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What are examples of model snow removal policies for city sidewalks?

A city's snow removal policy for sidewalks should clearly state the city's duties during snowfall events. It should also stress how important is it that property owners assist in maintaining clear sidewalks and ramps in front of their properties. Information about fines should be stated for noncompliance, but reinforcing this with the more empathetic statement that clearing sidewalks is a courteous and caring act for fellow residents, especially the elderly and the young, may be a valuable perspective to add.

Image: Dan Burden.

A model policy and program should include the following elements or, at the very least, address them:

Dedicated city sidewalk snow crews

It is essential that communities begin clearing sidewalks the day of the snow, alongside their street clearance activities. In addition, these crews can help clear sidewalks in front of non-compliant properties (Madison, Wisconsin).

Prioritize clearing multi-use paths

Multi-use paths should be given the same priority as arterial streets. In Madison, Wisconsin, the parks department clears these and gives highest priority to these paths.

Timely removal of snow from the sidewalk

Communities that experience regular snowfall require that snow be cleared by the morning of the day following the snow (Boulder, Colorado; Madison, Wisconsin). Some policies state explicitly that a resident must arrange for another person to clear the sidewalks if the resident is out of town (Saline, Michigan). Policies that require clearance 24 or 48 hours after the storm ends may be more ambiguous and therefore less enforceable.

Image: Maury Steindel.

Enforcement of requirements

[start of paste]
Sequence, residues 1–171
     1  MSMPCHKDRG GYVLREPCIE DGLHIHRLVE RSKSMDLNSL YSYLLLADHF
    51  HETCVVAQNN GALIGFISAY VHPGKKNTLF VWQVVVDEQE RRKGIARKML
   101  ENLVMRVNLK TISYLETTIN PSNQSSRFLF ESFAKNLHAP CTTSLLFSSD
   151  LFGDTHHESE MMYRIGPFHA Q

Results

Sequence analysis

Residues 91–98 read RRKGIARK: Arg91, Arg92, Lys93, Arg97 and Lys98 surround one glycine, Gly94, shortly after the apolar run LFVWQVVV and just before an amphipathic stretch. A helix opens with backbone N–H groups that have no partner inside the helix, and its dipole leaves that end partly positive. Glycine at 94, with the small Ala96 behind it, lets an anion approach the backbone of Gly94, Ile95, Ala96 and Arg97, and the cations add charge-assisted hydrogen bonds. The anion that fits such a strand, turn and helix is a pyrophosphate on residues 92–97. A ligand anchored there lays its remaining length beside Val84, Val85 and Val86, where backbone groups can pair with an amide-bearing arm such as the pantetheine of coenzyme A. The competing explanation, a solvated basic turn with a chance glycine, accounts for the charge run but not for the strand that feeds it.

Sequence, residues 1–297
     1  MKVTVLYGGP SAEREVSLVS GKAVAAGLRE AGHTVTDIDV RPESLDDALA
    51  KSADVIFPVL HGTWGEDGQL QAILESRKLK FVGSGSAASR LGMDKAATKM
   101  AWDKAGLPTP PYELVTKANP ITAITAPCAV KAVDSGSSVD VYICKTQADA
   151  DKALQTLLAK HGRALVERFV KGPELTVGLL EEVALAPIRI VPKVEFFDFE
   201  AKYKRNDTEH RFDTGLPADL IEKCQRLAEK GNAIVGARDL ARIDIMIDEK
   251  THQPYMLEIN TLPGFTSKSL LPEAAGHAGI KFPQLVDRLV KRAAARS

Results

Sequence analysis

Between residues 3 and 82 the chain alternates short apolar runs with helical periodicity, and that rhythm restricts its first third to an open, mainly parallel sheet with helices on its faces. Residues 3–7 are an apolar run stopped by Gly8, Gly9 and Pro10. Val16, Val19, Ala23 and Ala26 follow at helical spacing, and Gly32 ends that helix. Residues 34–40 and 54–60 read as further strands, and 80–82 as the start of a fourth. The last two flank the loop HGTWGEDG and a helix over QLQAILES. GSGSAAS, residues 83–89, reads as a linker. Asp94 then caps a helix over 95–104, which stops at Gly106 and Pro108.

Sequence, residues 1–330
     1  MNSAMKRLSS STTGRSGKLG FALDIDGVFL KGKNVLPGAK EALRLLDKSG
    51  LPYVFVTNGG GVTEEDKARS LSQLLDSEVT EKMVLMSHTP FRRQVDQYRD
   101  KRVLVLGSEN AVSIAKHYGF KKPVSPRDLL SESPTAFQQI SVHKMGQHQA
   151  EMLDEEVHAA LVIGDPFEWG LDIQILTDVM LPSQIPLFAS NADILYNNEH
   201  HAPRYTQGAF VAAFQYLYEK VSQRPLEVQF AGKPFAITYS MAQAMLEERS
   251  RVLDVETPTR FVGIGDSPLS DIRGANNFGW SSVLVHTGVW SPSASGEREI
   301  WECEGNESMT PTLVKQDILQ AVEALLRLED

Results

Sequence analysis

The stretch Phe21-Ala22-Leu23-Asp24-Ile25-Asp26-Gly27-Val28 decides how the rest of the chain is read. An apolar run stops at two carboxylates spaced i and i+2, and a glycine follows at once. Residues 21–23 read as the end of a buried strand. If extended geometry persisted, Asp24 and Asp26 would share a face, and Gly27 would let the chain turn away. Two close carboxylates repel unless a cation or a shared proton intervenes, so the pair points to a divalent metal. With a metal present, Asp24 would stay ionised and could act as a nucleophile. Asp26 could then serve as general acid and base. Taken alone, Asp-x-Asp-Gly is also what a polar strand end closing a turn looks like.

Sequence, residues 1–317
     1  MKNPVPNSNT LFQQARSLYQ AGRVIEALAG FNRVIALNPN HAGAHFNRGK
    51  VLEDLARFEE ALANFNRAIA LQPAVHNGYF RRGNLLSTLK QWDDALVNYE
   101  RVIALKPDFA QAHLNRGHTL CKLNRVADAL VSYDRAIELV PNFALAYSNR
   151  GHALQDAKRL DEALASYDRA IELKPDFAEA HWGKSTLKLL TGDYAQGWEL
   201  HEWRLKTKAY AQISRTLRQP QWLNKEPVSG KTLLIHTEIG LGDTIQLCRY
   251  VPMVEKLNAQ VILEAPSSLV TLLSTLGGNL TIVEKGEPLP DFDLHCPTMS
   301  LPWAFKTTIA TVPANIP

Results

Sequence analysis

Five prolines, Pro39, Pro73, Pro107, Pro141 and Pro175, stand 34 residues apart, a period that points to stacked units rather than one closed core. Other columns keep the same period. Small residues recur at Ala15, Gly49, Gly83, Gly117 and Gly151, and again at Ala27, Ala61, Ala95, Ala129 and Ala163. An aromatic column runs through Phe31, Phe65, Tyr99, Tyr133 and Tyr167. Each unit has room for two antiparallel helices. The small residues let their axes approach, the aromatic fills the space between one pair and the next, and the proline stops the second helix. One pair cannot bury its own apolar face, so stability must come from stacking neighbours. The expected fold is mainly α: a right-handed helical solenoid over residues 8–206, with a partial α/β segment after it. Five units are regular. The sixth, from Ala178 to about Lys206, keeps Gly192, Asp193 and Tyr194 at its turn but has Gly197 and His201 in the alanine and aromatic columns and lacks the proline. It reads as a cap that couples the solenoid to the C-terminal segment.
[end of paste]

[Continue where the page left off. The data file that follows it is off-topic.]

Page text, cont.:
It is necessary to include a mechanism for enforcement, such as a fine. Alternatively, city staff might proactively clear the sidewalk and then charge the non-compliant owner the fine plus any expenses incurred by clearing the snow (Madison, Wisconsin). In Milwaukee, Wisconsin, the city Sanitation crew clears the sidewalk if it has not been cleared within 24 hours after the stop of snowfall, and the charge appears on the owner's property tax bill.

Accumulation of ice

When conditions lead to accumulated ice, abrasives must be applied. For these purposes, the city should supply sand for free at specific locations.

Map any zone requirements

Identify the city's responsibilities geographically or with zones on an online map (Champaign, Illinois).

Assistance for elderly and infirm

Those physically unable to clear their sidewalks can request assistance in removing snow from city crews or neighbors (Madison, Wisconsin; Milwaukee, Wisconsin).

Complaint hotline

A telephone hotline should be provided to report sidewalks that need clearing (Madison, Wisconsin; Ann Arbor, Michigan; Bloomington, Minnesota).

Image: Maury Steindel.

Sidewalk maintenance

When there is no snow, the community inspects sidewalks to ensure that heaving or cracking is not so extensive that it would interfere with shoveling the walkway.

Sidewalk furniture zones and fire hydrants

Some sidewalks are separated from streets with sufficient buffer areas to allow snow storage. Snow plow operators can be trained to not bury sidewalks (or bicycle racks) when plowing. Additionally, fire hydrants need to be cleared as well so they can be accessed in emergencies. Bloomington, Minnesota has an informal "Adopt a Fire Hydrant" program where citizens volunteer to keep a specific hydrant clear out of goodwill.

Explanation of process

So residents can better understand the city's process of snow removal, providing a timeline of how a city prepares for and handles the snow fall may be helpful. Bloomington, Minnesota provides a thorough example of this, along with a summary of how many lane miles, sidewalk miles, cul-de-sacs and skating rinks it clears and the average cost per household. This informs residents of what the city's responsibilities and tasks are.

Links to sidewalk snow removal policies:

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